Novak pointed out that that while the pope called for richer nations to “do all they can” to allocate large portions of their gross domestic product toward developing countries, “he then immediately frames this suggestion within the limits of subsidiarity and personal accountability” – a hallmark principle of the Catholic social tradition.
Father Sirico went further and called Pope Benedict’s discussion of “fiscal subsidiarity” “one of the more innovative and provocative suggestions of the encyclical.”
“As I understand the pope’s idea, he is basically looking at the possibility of what Americans would call a ‘tax credit’ system to directly fund local needs in developing nations,” Father Sirico said, explaining that such a system would make “mini-philanthropists” out of taxpayers and give them personal incentive to be concerned for the welfare of the poor.
Speaking as a scholar on developing economies and labor markets, Doran added that he “cannot emphasize enough” the importance of the pope’s call for nations to open up their agricultural markets to developing states. Pope Benedict’s balanced linking of subsidiarity with solidarity serves him well in his discussion on development aid, Doran said, and on this insight into agriculture trade, “the pope is right on the money.”
Even Caritas in Veritate’s urge for reform in the United Nations, Novak said, exhibits the pope’s sense of balance on the topic, as “he is quick to define this authority in terms of restrain and of adherence to the core principles of Catholic social thought.”
Furthermore, Novak said, because Pope Benedict avoids endorsing an ideology he gains a “higher perspective” that, for one, enables him to make a very practical argument “to link the gospel of life to the social gospel, so to speak.”
About 50 million children have been aborted in the United States since 1973, Novak said – what would be the state of our social security system had they been given the chance to contribute to society and join our workforce?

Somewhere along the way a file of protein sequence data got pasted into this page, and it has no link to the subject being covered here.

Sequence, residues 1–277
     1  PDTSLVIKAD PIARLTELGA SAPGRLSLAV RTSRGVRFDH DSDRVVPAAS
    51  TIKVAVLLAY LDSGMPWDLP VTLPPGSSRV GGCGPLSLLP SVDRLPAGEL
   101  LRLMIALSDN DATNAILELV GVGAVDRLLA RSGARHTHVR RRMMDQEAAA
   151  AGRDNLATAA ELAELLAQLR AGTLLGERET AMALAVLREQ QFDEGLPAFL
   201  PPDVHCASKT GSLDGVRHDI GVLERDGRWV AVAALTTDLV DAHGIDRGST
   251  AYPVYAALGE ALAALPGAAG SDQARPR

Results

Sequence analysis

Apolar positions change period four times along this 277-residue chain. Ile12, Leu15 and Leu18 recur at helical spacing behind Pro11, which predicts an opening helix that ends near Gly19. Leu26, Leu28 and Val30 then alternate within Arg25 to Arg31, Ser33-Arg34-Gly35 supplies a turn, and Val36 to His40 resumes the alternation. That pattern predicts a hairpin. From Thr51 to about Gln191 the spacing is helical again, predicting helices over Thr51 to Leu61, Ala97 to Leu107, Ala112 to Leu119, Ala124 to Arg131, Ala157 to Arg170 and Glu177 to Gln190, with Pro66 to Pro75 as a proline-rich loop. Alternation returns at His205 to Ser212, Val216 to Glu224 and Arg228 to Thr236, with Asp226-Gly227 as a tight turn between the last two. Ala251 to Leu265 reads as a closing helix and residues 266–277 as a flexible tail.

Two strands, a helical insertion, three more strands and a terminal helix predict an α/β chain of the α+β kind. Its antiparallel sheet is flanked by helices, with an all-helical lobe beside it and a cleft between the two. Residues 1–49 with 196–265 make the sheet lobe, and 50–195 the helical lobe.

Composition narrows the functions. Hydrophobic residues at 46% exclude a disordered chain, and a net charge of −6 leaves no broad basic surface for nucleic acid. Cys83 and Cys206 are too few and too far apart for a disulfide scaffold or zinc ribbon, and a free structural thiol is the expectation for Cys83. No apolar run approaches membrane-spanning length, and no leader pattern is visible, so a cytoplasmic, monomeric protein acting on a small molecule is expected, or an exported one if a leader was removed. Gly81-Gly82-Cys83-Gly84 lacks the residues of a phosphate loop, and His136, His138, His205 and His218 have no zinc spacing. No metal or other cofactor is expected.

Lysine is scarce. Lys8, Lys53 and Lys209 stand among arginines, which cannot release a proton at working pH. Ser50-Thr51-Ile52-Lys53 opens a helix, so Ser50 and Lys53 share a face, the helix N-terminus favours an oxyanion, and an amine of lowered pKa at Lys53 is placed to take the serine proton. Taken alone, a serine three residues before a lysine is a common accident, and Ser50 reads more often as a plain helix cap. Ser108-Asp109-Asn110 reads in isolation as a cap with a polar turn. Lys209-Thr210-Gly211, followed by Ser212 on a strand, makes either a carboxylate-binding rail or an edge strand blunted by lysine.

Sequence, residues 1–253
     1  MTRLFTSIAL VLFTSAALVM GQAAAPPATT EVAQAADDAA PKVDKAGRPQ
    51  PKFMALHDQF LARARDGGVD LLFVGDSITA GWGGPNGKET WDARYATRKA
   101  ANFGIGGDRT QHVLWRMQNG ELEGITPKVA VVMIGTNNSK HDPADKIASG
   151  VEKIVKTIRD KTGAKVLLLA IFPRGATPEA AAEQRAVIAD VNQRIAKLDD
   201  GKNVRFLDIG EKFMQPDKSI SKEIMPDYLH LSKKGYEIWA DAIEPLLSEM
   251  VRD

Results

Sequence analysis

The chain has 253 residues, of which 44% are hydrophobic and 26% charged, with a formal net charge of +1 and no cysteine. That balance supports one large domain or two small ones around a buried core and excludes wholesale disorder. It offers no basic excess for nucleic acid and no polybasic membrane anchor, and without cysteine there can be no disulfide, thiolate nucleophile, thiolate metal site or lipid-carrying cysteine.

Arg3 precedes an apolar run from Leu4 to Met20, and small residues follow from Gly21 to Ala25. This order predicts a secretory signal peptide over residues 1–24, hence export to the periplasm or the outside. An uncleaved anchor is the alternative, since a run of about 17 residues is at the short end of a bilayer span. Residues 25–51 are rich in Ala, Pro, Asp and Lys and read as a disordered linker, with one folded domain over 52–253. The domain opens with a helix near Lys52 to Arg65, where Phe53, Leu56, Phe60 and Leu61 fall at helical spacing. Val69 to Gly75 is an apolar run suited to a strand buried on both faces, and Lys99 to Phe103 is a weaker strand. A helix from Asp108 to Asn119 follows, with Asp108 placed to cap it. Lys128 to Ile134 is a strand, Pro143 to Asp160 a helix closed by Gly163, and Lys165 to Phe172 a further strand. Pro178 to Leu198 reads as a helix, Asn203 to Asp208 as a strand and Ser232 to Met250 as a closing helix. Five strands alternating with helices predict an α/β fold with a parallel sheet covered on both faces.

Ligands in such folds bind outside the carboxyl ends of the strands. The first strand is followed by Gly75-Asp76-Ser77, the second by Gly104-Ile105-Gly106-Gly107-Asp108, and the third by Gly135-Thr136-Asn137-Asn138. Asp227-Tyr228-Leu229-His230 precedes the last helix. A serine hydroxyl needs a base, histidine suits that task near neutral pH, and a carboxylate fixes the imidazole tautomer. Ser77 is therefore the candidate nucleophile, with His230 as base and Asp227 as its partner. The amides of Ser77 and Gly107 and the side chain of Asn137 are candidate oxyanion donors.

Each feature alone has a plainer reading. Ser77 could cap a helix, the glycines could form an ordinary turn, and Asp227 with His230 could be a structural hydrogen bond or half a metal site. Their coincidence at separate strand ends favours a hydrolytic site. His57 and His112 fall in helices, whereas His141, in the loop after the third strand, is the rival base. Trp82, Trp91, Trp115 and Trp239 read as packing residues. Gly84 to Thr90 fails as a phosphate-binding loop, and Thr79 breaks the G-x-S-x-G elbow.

Father Sirico stressed the importance of Pope Benedict’s insistence for respect of the dignity of life, adding that by the Church’s call for a consistent ethic of life, “we don’t mean ‘the seamless garment’” – the expression commonly used to justify giving an intrinsic evil such as abortion the same moral equivalence as other evils such as poverty and war.
All forms of development that ignore or deny the right to life “will always be dysfunctional,” Father Sirico said. “Any development program, whatever its character, that involves denying this right in theory or practice, ought to walked away from, because it is intrinsically disordered at its root.”
This leads into Novak, Doran and Father Sirico’s conjectures about the legacy of Caritas in Veritate – a legacy, Doran said, that will follow that of Pope Leo XIII’s landmark Rerum Novarum.
In 1891, Doran said, Pope Leo’s encyclical addressed the current problems of socialism and capitalism, emphasizing “that it is possible to improve our moral, spiritual and material conditions without giving into the false ideologies of the day; and that we can do so by remembering our most important principles, by balancing them prudently and by working whole-heartedly.”
Doran said he thinks the most important things Pope Benedict offers in Caritas in Veritate are very similar: “a sense of balance, a sense of urgency and a sense of hope.”
Similarly, Novak said that “for myself … I love best the starting point in caritas” and Benedict’s beautiful exposition of the centrality of God’s love. The pope’s emphasis on caritas, the underpinning of a free society, Novak said, is a significant contribution to Catholic social teaching.
Father Sirico took away the pope’s recognition that a true love of neighbor hasn’t necessarily followed from a globalized society.
“The pope asks a cogent question: ‘Will it ever be possible to obtain this brotherhood by human effort alone?” Father Sirico said, quoting the answer from the encyclical itself:
As society becomes ever more globalized, it makes us neighbors but does not make us brothers. Reason, by itself, is capable of grasping the equality between men and of giving stability to their civic coexistence, but it cannot establish fraternity.
“As anyone who lives next door to people whom we do not even know,” Father Sirico said, “the call to become brothers and not merely neighbors gets to the heart of the matter.”